Kleinwort, Benson: A History of Two Families in Banking

Kleinwort, Benson: A History of Two Families in Banking

Kleinwort, Benson: A History of Two Families in Banking

Kleinwort, Benson: A History of Two Families in Banking

Synopsis

Kleinwort Benson is one of the most distinguished international investment banks in the City of London, becoming part of the Dresdner Bank Group in 1995. This is the story of how two families, the Kleinworts and the Bensons, emerged from medieval beginnings in Holstein and the Lake District to seek their fortunes in Hamburg, Cuba, and Liverpool, before arriving in the 1850s in London. There they founded two very different merchant banks, which merged in 1967 to create Kleinwort Benson Lonsdale, later Kleinwort Benson. The Kleinwort Benson story mirrors both the spectacular growth of English capital and its often turbulent side-effects. It shows how the two families survived the collapse of the Benson bank in 1875, the freezing of Kleinwort assets and business by the European financial crisis of 1931, and two World Wars, and how they established their banks as powerful City players in the postwar period. Their story is as much a human drama as a financial history. Brimming with generations of Kleinworts, Bensons, and the families with whom they married and formed partnerships, the book evokes their feuds and friendships, their successes and failures, set against the background of more than two hundred years of social and business history. This is the first full history of Kleinwort Benson. It contributes to our understanding of the way in which business is carried out in the City of London, and provides fascinating insights into the lives of those concerned. Jehanne Wake was given unrestricted access to the bank's archives and staff and has drawn upon a wealth of original sources to furnish this lively and readable history of the members of two banking dynasties and their boardroom successors.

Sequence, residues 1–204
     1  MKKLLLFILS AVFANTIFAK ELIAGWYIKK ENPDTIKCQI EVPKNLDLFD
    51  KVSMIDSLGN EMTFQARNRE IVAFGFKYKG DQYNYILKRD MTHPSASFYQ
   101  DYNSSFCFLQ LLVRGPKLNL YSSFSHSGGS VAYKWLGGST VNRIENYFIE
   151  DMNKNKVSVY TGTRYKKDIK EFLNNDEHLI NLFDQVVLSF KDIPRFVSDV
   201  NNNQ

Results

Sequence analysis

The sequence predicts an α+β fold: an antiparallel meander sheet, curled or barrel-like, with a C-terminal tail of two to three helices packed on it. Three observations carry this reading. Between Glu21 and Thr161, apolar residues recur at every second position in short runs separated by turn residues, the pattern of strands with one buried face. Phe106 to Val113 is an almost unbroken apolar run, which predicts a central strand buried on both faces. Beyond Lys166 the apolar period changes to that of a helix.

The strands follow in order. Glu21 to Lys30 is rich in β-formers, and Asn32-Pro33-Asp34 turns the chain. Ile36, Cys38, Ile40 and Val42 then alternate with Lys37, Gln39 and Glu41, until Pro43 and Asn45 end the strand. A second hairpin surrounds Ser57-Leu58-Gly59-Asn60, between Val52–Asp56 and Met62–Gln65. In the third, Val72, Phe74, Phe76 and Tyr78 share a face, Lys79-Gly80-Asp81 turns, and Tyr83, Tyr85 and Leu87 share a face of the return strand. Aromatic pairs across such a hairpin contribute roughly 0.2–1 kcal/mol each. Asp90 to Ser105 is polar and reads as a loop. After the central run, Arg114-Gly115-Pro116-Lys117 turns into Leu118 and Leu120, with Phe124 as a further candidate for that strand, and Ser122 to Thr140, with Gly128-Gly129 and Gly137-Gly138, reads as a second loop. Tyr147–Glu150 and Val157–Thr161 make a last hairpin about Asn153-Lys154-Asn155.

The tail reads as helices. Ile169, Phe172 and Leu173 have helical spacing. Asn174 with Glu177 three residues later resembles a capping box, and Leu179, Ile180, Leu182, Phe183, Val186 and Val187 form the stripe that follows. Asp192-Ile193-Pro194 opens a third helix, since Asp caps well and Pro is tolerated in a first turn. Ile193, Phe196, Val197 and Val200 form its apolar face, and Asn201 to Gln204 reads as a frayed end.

Excerpt

Alexander Friedrich Kleinwort and Robert Bensonjnr. had much in common, despite their dissimilar backgrounds. They shared the experience of early disappointment. Alexander Friedrich had been denied the education, wealth, and situation in Hamburg fitting to the station that his family's social standing had led him to expect. They both served apprenticeships at firms which, for different reasons, had not led to partnerships. This had been more unlucky in Robert jnr.'s case: as the son of the senior proprietor at Cropper, Benson, a partnership would automatically have been his. Instead he and Alexander Friedrich had had to spend years in what to them were clearly unsatisfactory working milieux, at Worthington & Benson and at Drakes, unable to do exactly as they wanted.

Both men, moreover, were quick to identify opportunities in business and to act upon them. Each by his thirties had demonstrated a proven flair for finance and for setting up deals. Alexander Friedrich had undoubtedly come furthest since he lacked inherited wealth and standing. To compensate, he was far more ambitious, a man driven to achieve his goals by whatever means necessary. Robert jnr. was less single-minded and certainly did not possess the same degree of motivation. Whereas Alexander Friedrich had ruthlessly cut all outside interests and distractions from his life, Robertjnr. had allowed the gentlemanly pursuits of connoisseurship, club membership, and authorship to permeate his. Most importantly they had one ambition in common: to have their own banking businesses. in order to achieve this they required capital and suitable partners. in both cases their marital partnerships led to their business partnerships.

Alexander Friedrich's marriage to Sophie Charlotte Greverushad taken place at the beginning of 1852. Her father and mother were first cousins and on both sides she was descended from a long line of learned, pious clerics. 'So many', a cousin wrote of their ancestors, 'from both Greverus and Kuhlmann dedicated themselves to Theology and exercised their holy office with great devotion and ability.' the earliest ancestor, Gerhard Greverus, was a preacher in Oldenburg from 1636 to 1677 and it took over 150 years before the ecclesiastical chain was broken by Sophie's father, Hermann Diederich Greverus.

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